What is the proper balance between respecting someone and showing respect of persons? Is formality among church members necessary? Desirable? How should Christians treat each other in this area?
Too many feel that they are above the law, but paradoxically, laws proliferate when corruption prevails. We must be subject to all law, God's and man's.
Those trained in the home to dishonor parents will resist authority on every front, whether civic authorities, supervisors on the job, or teachers in school.
As our society continues to crumble around us, most analysts of the situation point the finger of blame at the destruction of the family. When the fifth commandment is neglected, David Maas insists, respect for leadership and authority erodes, lowering qua. . .
The Bible has a great deal to say about honor and whom we should honor. Here are some difficult but necessary lesson in honor.
Richard Ritenbaugh, reflecting upon his experience of viewing President Trump's motorcade, analyzes Peter's comment in I Peter 2:17: Honor all people, love the brotherhood, fear God and honor the king. If we are in harmony with the ideals and policies of t. . .
Recently, the University of Virginia's Institute on Advanced Culture identified four current parenting styles, with mixed results.
Dishonoring one's parents is a serious abomination, considered a capital offense by God. Fathers must be worthy of honor, teaching their children to honor God.
The fifth commandment stands at the head of the second tablet of the Decalogue, which governs our human relationships. It is critical for family and society.
The fifth commandment provides a bridge, connecting our relationships with God and the relationships with our fellow human beings.
Martin Collins focuses upon a list of lapses in etiquette within society and the church, many occurring because of faulty child rearing practices. Children‚s games often imitate violence and murder as well as disrespect for the elderly. The Old Testament m. . .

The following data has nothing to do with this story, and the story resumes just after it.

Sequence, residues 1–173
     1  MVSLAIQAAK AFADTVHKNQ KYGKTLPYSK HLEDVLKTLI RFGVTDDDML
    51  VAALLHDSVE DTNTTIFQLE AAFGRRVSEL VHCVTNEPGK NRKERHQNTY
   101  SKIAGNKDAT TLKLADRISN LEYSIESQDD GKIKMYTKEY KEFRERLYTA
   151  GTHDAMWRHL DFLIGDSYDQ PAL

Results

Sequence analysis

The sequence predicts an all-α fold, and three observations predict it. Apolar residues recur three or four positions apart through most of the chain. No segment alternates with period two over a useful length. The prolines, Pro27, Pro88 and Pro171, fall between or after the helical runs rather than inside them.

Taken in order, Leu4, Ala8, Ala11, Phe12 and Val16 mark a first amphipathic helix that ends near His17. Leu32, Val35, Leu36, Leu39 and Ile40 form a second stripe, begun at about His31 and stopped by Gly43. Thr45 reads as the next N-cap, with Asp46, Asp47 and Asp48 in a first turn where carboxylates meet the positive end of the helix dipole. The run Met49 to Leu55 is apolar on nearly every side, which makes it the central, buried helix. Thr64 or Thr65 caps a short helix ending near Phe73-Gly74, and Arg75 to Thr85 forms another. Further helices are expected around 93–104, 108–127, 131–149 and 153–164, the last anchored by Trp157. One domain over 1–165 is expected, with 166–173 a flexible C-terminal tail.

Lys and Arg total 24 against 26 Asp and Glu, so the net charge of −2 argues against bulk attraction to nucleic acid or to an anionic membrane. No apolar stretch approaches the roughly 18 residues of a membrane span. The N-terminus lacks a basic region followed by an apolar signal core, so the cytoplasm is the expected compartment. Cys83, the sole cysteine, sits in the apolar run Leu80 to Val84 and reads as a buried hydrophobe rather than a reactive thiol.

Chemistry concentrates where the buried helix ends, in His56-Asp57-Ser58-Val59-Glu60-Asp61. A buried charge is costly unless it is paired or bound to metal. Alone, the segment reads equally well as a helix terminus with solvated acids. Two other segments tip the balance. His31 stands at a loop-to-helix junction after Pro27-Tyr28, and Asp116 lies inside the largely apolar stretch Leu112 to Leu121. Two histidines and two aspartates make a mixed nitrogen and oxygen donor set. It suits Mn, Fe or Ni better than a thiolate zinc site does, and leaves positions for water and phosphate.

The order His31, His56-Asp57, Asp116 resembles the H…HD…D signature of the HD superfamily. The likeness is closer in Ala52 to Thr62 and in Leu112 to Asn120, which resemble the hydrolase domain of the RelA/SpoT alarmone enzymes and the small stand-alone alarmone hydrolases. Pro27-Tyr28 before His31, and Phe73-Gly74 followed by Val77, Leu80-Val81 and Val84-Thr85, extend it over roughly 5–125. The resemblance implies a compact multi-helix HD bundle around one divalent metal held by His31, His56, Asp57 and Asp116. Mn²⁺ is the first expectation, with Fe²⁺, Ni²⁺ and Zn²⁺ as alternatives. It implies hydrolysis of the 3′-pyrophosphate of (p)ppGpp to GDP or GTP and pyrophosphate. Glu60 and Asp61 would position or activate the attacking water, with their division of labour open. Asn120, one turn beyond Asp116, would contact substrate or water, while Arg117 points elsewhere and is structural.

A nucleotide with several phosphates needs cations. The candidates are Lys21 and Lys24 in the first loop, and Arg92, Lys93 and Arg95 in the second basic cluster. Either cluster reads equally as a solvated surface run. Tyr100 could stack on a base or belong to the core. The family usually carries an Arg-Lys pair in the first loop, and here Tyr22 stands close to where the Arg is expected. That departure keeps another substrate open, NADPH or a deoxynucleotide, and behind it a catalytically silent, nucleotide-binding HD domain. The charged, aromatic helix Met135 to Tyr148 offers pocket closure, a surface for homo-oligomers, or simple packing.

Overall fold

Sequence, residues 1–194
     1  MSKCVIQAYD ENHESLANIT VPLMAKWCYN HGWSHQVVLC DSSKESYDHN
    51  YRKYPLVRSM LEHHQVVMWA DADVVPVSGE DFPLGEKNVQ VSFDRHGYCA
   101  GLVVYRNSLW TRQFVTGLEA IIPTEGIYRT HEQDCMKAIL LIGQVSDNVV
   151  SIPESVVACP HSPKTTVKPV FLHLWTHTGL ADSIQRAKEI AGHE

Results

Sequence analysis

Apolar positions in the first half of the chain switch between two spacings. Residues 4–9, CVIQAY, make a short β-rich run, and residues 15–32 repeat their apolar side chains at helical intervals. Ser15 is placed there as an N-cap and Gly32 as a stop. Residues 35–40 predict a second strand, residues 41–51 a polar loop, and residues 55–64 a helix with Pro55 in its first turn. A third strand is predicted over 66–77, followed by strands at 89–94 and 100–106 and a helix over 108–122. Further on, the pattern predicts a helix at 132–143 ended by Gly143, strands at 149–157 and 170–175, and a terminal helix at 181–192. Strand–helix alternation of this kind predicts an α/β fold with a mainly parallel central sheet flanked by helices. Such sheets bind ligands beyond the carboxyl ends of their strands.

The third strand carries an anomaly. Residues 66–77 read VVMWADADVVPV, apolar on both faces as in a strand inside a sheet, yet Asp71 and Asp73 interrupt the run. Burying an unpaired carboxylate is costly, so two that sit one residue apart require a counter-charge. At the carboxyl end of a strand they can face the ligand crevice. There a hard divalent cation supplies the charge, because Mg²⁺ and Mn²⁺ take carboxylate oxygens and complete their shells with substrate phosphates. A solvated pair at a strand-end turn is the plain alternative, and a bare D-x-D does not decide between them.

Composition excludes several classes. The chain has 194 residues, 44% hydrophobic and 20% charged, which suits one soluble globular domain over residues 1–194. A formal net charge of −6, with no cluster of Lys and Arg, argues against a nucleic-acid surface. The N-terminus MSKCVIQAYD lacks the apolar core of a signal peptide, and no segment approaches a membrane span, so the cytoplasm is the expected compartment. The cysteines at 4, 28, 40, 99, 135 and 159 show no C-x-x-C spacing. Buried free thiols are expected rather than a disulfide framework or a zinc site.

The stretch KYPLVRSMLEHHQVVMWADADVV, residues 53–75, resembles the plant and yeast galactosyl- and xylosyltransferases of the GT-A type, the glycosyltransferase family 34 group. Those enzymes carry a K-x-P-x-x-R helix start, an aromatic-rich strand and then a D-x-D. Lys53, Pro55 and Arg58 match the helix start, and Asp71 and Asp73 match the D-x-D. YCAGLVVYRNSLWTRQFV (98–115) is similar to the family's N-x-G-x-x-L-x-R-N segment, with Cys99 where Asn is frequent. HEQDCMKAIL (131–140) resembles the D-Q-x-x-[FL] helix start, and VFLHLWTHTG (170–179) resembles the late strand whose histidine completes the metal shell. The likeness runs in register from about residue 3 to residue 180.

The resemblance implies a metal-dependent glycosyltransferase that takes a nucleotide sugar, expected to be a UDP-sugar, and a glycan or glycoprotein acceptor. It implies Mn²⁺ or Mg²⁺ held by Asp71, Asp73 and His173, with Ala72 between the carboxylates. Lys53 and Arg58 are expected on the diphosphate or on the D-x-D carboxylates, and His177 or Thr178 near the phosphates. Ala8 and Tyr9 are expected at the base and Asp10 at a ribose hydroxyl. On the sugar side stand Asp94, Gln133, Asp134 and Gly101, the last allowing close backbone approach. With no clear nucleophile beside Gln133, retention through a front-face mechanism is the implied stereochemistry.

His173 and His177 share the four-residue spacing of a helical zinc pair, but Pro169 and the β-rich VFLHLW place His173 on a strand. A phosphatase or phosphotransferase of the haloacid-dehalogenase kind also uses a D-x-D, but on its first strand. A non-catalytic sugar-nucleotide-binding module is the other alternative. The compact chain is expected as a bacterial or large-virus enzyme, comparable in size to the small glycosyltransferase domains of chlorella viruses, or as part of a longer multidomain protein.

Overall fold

God ordained marriage and the family for the physical and spiritual growth and nurturing of children. God's goal is a Family composed of mature spirit beings.
Regardless of which political party is in power, God counsels His children in Romans 13:1-7 on how to have peace in an anything-but-peaceful world.
The fifth commandment teaches our responsibility to give high regard, respect, and esteem to parents and other authority figures, leading to a prosperous life.
John Ritenbaugh, continuing the description of the pernicious fruit of secular humanism, pointing out the one-way nature of tolerance, such as respecting the perverse life-style of homosexuals and other aberrant behaviors and disrespecting the rights of th. . .
Honor of parents is the basis for good government. The family provides the venue for someone to learn to make sacrifices and be part of a community.
Deference is a foundational virtue. It reveals one's humility—that he is thoughtfully aware of others and seeking to serve them even in insignificant ways.
We must ask ourselves if we have allowed fleshly works to creep into our lives. A little civility could go a long way in restoring unity among God's people.
[Audio Note: Quality improves at 1:20] John Ritenbaugh warns that when an aberrant cultural change of any kind is introduced into society, it soon becomes accepted. Many parents of the 1980's considered children hindrances to their self-fulfillment, turnin. . .
Richard Ritenbaugh, citing Dr. Dobson's warning about the deleterious effects of permissive child-rearing, affirms that the horrendous results we see today, including out-of-control ADHD, defiance of all authority, and rampant narcissism, is a fulfillment . . .
John Ritenbaugh asserts that only those who are governable will ever be allowed to govern. No government (not even God's government) will work without each individual submitting in his area of responsibility. Our elder brother, Jesus Christ, qualified to r. . .
John Ritenbaugh reflects on two recent news items in which individuals foolishly initiated altercations with police and lost their lives in the process. As a matter of common sense, it seems the height of idiocy to challenge constituted authority. Solomon . . .
John Ritenbaugh, reiterating the warning of the apostle Paul that evil company corrupts good habits, warns us that the desire to sin is highly contagious and is a deadly, communicable disease. Because the world we inhabit swims in sin, we have the obligati. . .
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